If you love traditional squash but want longer rallies and to be able to play the game at a slower pace, Racketball (aka Squash57) is perfect for you. Played on a standard squash court, all you need to play Racketball is a slightly larger racket and a bigger, bouncier ball - which encourages an easy to adopt form of squash. Although Racketball may be considered a 'lighter' version of the game, it is great fun, offers a great workout and is ideal for beginners, those advancing in years or anyone wanting something a little different.
Racketball is played on a squash court, you just need to have a Racketball racket and ball which you can buy from Pro Shops, or your local club may have equipment available you can borrow. There are two types of Racketball balls – blue and black. Blue balls are slightly bouncier, so ideal for recreational play or beginners. Black balls are less bouncy, and are used mainly in events such as Championship events. If, after a few games, you find the blue ball too easy, you can then progress to using a black ball.
The larger squash equipment makes it easier for beginners and less mobile players to pick up the skills and have fun. Squash NZ has a special deal available for clubs wanting to offer Racketball to players - for only $399.00 + shipping, a club can get 6 Dunlop Blackstorm Racketball rackets and 9 Racketball balls (6 x Pro, 3 x Competition).
The great thing about Racketball is the rules are very similar to Squash, with a few minor variations around the serve.
The main points to note are;
While there are only a few variations between the singles versions of Squash and Racketball, Racketball Doubles carries a few additional differences - mostly notably all players play alternate shots. This means all players are involved in the game for equal amounts of time and brings new strategies to the game.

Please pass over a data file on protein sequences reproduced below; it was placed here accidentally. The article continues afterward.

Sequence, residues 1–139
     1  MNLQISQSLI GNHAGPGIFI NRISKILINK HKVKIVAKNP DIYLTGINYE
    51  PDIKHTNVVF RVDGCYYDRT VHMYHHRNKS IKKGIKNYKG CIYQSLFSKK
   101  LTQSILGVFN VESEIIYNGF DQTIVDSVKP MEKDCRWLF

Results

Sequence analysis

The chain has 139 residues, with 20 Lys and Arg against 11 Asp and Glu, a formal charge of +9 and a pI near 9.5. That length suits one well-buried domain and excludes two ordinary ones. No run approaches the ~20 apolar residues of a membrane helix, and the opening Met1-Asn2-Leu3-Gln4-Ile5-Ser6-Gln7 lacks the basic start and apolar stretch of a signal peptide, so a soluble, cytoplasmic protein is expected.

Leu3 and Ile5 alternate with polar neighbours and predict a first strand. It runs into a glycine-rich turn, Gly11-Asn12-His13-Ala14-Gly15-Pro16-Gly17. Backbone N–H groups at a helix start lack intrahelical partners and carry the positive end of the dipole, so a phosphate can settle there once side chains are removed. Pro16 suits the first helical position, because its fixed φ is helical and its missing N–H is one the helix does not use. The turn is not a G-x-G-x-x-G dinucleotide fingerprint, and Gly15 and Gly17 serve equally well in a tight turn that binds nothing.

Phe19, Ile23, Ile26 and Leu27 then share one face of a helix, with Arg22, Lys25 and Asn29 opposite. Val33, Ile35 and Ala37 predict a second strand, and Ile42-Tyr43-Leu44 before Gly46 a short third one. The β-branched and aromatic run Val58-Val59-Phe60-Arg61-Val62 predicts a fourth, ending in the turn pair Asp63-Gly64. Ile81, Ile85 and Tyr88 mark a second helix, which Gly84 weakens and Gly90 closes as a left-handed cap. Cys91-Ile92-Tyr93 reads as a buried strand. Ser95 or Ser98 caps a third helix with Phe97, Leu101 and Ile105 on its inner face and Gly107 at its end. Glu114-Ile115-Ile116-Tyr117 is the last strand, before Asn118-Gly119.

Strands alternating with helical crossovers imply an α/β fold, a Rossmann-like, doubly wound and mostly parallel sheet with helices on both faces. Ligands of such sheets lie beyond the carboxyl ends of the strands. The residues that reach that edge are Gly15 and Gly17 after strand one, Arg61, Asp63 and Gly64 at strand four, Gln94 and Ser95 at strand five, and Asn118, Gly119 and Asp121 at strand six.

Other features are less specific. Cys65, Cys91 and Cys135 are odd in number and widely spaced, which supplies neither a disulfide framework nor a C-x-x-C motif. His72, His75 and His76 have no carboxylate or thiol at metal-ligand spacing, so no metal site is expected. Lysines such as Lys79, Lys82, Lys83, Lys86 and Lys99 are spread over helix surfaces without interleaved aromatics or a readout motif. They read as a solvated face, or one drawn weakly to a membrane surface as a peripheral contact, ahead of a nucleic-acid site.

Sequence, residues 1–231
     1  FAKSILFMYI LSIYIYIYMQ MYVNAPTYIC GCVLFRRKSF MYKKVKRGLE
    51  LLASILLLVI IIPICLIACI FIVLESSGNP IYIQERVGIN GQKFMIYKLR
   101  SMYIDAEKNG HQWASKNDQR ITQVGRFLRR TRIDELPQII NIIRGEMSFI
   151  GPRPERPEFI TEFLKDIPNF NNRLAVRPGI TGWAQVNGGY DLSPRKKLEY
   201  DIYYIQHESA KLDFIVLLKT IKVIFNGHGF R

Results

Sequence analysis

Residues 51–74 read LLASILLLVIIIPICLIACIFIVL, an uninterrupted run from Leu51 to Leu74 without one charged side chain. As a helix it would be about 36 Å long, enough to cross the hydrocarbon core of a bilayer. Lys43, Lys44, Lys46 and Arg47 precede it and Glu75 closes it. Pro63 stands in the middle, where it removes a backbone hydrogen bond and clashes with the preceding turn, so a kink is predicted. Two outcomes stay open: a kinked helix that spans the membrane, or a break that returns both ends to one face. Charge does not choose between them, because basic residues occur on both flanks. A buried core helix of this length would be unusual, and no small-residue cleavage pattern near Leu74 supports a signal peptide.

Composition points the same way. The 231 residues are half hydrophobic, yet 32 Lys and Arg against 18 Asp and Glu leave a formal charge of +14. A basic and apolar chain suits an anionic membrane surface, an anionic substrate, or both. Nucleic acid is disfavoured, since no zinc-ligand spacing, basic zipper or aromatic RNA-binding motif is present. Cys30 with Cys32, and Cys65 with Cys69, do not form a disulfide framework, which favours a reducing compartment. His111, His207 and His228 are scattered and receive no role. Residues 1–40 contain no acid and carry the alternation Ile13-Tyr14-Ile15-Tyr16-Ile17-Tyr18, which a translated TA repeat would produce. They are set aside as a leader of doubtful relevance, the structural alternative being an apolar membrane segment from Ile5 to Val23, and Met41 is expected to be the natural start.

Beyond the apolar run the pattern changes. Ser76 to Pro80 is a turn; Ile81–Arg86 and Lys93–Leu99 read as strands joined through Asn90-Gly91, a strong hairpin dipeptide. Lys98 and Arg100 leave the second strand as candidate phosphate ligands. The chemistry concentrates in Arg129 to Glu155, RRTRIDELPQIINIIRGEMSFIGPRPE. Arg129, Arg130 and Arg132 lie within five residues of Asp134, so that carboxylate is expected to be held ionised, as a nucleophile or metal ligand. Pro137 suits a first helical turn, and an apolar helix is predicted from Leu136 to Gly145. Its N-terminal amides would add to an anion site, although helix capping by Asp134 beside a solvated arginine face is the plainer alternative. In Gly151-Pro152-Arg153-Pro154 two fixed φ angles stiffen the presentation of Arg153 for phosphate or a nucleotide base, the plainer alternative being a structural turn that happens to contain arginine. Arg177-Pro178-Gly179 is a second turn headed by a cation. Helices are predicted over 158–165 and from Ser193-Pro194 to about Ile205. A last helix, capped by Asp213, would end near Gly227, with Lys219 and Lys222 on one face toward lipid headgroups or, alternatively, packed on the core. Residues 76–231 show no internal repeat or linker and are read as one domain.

Key points to note are;
Each team nominates its server for the first game. That player serves for the whole of game one and game three in a five-game match. The other player serves for game two and game four (if played). In the final game (3rd or 5th) when the first side's score reaches 5 if playing up to 11, or “7” if playing up to 15, the server changes for both teams
Return of Service and Subsequent Play
At the beginning of each game, each team decides which one of its players to receive service in the right-hand service court and which in the left-hand service court for the whole of that game. When the ball is being served, only the Receiver may stand in the service court opposite the server. The order of striking shall be: Server, Receiver, the Server's partner, the Receiver's partner and so on
If a player is hindered by their own partner, there is no let and the rally is lost
Find all the resources and templates you need to successfully offer Racketball at your club right here. We'll be continuning to add items regularly.
Club Info Kit
Demo Nights – invite players along to try it out for free. Have equipment available and current members there to help out. You can also incorporate it into your regular club nights and have one court running just for Racketball
Racketball Programmes – the UK Racketball website has a great selection of session ideas from Beginner Racketball to Intermediate/Advanced, to Ladies Only sessions
Business House – run a 4-6 week competition and invite players to form their own teams to participate. You can use any combination of team numbers and scoring methods. To keep it simple have three players per team, and best of 3 PAR11 scoring
Fast 8 Draw – this is a mini-tournament played out over two to three hours. Make a standard 8 draw with all matches being best of 3, PAR8 (sudden death point at 7-7). All players will get 3 matches in this quickfire format
Doubles – twice as social, twice the fun! Just remember Racketball doubles is played alternate shot - check out the video in the Racketball Doubles section above to see it in action
Case Study - Club K
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